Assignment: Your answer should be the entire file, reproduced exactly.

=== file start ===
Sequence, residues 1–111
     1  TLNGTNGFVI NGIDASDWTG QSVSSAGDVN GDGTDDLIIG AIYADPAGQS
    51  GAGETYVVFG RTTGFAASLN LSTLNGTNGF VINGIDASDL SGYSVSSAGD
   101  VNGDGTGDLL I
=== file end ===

Sequence, residues 1–111
     1  TLNGTNGFVI NGIDASDWTG QSVSSAGDVN GDGTDDLIIG AIYADPAGQS
    51  GAGETYVVFG RTTGFAASLN LSTLNGTNGF VINGIDASDL SGYSVSSAGD
   101  VNGDGTGDLL I